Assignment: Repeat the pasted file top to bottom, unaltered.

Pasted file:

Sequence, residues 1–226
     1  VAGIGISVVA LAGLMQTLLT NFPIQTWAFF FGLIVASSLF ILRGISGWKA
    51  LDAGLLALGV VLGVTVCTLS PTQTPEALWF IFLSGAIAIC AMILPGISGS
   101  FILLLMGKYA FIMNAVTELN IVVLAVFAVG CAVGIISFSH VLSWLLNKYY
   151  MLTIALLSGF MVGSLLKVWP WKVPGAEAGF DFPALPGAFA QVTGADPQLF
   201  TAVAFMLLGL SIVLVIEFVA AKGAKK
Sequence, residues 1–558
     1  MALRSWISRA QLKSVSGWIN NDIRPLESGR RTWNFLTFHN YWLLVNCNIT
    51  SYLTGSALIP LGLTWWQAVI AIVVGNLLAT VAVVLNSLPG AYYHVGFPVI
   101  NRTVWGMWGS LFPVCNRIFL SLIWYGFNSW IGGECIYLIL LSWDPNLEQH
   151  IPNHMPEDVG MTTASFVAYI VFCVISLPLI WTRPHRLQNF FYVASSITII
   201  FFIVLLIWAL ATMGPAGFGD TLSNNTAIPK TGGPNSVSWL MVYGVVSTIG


Sequence, residues 1–226
     1  VAGIGISVVA LAGLMQTLLT NFPIQTWAFF FGLIVASSLF ILRGISGWKA
    51  LDAGLLALGV VLGVTVCTLS PTQTPEALWF IFLSGAIAIC AMILPGISGS
   101  FILLLMGKYA FIMNAVTELN IVVLAVFAVG CAVGIISFSH VLSWLLNKYY
   151  MLTIALLSGF MVGSLLKVWP WKVPGAEAGF DFPALPGAFA QVTGADPQLF
   201  TAVAFMLLGL SIVLVIEFVA AKGAKK
Sequence, residues 1–558
     1  MALRSWISRA QLKSVSGWIN NDIRPLESGR RTWNFLTFHN YWLLVNCNIT
    51  SYLTGSALIP LGLTWWQAVI AIVVGNLLAT VAVVLNSLPG AYYHVGFPVI
   101  NRTVWGMWGS LFPVCNRIFL SLIWYGFNSW IGGECIYLIL LSWDPNLEQH
   151  IPNHMPEDVG MTTASFVAYI VFCVISLPLI WTRPHRLQNF FYVASSITII
   201  FFIVLLIWAL ATMGPAGFGD TLSNNTAIPK TGGPNSVSWL MVYGVVSTIG